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David Beckham's dream ownership of MLS franchise met with fierce opposition in Miami

The former Manchester United midfielder is finding his value is not what it once was.

Image: Wilfredo Lee

IT’S THREE YEARS now since David Beckham made a high-profile public declaration of his intent to bring a Major League Soccer side to Miami.

As part of his MLS contract in 2007, there was an option which allowed him buy into a franchise for $25 million. And in 2014, he exercised that option.

But the dream is dying and the entire proposal has been met with vociferous criticism. At a time when MLS expansion has never been greater, it seems that not every one can be charmed by Beckham and his PR posse.

For a while it seemed like the Miami franchise could be up and running by 2018. But that proved far too optimistic a timeframe. No-one – not MLS and certainly not Beckham – want to raise a white flag just yet so there remains plenty of chatter about it.

The league remains committed to getting the deal done. A Beckham-owned team would be a massive coup while the Miami market is a potentially lucrative one. The city has been without a football club since the Fusion collapsed in 2001 and it seems strange that such a vibrant place with such a strong Latin culture is still without a MLS franchise. But everything rests on Beckham’s plans.

Beckham Miami Stadium Soccer Source: Lynne Sladky

Next year, another Los Angeles-based club – LAFC – will debut in the league, bringing the overall number of teams to 23.

There is still hope that Beckham’s will be number 24.

But the city’s decision-makers remain unconvinced. Three various stadium locations were pitched, challenged and successfully vetoed and the latest idea – to build the 25,000 stadium in Overtown, northwest of the downtown core – is also mired in complications.

Beckham’s team purchased six acres of privately-owned land for $19 million. But, they require three more. However, that other land is owned by the county and that means some intense lobbying and deal-making needs to happen. And earlier this week, some key political personnel weren’t exactly overjoyed at the prospect, despite the mayor admitting to being open to negotiation.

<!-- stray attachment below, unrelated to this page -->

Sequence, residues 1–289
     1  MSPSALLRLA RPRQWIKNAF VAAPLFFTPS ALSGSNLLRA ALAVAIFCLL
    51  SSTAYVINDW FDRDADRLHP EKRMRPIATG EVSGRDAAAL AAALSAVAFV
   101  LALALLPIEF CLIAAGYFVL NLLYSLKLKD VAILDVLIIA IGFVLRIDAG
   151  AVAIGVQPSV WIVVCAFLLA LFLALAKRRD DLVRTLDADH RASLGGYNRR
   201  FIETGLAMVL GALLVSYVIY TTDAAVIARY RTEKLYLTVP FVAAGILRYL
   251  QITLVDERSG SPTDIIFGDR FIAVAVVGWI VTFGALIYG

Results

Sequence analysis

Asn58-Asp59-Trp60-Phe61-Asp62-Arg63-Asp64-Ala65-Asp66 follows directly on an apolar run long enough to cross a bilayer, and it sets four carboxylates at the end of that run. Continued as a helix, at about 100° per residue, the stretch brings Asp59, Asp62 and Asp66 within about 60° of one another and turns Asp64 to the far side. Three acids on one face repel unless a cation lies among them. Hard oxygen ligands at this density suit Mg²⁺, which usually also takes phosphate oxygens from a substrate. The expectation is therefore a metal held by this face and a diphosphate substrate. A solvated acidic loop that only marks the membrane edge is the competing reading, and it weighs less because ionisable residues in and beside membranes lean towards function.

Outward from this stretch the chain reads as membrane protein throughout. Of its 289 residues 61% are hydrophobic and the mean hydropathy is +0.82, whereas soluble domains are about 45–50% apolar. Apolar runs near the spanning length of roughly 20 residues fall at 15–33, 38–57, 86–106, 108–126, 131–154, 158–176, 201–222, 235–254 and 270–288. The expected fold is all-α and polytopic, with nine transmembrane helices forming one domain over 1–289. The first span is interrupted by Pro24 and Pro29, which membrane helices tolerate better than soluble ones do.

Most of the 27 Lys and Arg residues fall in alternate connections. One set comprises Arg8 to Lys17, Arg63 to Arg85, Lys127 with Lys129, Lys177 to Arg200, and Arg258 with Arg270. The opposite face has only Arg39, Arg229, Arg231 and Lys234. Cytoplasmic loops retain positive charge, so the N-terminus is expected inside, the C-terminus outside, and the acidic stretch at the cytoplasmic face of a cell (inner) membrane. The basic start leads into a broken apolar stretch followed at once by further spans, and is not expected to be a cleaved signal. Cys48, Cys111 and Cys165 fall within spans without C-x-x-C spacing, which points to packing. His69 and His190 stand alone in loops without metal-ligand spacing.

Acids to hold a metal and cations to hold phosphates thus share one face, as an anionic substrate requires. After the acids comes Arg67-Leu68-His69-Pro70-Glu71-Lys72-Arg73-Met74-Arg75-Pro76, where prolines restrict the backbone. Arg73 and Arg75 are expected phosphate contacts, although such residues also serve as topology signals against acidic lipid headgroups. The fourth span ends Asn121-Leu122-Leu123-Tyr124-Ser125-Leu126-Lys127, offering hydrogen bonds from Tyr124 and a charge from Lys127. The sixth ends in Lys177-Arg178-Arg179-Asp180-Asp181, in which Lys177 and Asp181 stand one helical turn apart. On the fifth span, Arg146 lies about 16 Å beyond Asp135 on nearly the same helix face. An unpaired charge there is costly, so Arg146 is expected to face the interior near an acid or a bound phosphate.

One local commissioner, Xavier Suarez, discussed the delays with advancing the conversation and how the land may be used for something more beneficial to affected members of the community.

Beckham MLS Soccer Source: Lynne Sladky

“How long are we going to negotiate for the use of that [county-owned land] before we decide that maybe that ought to be made available for some affordable housing?”, he said.

Are we going to wait for these folks forever before we use that property for something more?”

And there was another dissenting voice too - Commissioner Audrey Edmonson – who was irritated by the lack of updates from Beckham’s camp.

“Are they bringing a stadium there? I haven’t heard anything”, she said.

Edmonson is Overtown’s county commissioner so getting her on side is key. And while she has admitted that extra jobs for the vicinity would be a good thing, she’ll listen to constituents for guidance on the matter.

Beckham remains frustrated by the delays. His expertly-manicured, boy-next-door public persona took a hit last month when emails between him and his publicist were leaked. And, what they showed more than anything else is that he is used to getting what he wants and is apoplectic when that doesn’t happen.

The business world is cut-throat and ruthless. But it goes against the public-facing personality Beckham has painfully attempted to cultivate for the last 20 years. In interviews, at press-conferences, he is calm, measured, polite and generous. He will shake everyone’s hand, pose for countless pictures. At the official Miami announcement in 2014, Beckham was inundated with media interviews and instead of speaking with business outlets and pressing the flesh with key stakeholders and lobbyists, he was on Ryan Seacrest’s radio show discussing his Valentine’s Day plans.

Barclays ATP World Tour Finals - Day Five - The O2 Source: Jonathan Brady

He remains consumed by Brand Beckham and the importance of how he looks to other people. He can put his name to aftershave and H&M y-fronts but none it’s completely different when dealing with counsellors and commissioners in Miami-Dade county. They aren’t placated with a selfie. They, quite rightly, have no idea who Simon Fuller is. More importantly, they don’t care.

Beckham is now a retired athlete. The showbiz accompanied his arrival to LA ten years ago, though his relevance was already on the wane. But he’s now David Beckham, former footballer. He is slowly trying to push an MLS franchise he was gifted for a massively cut-price rate. Consider that investment groups are now lining up with $150 million to get their hands on a team. So, Beckham’s value is not what it once was.

Doors are not opening as easily as before. And he’s finding that out the hard way.

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About the author:

Eoin O'Callaghan

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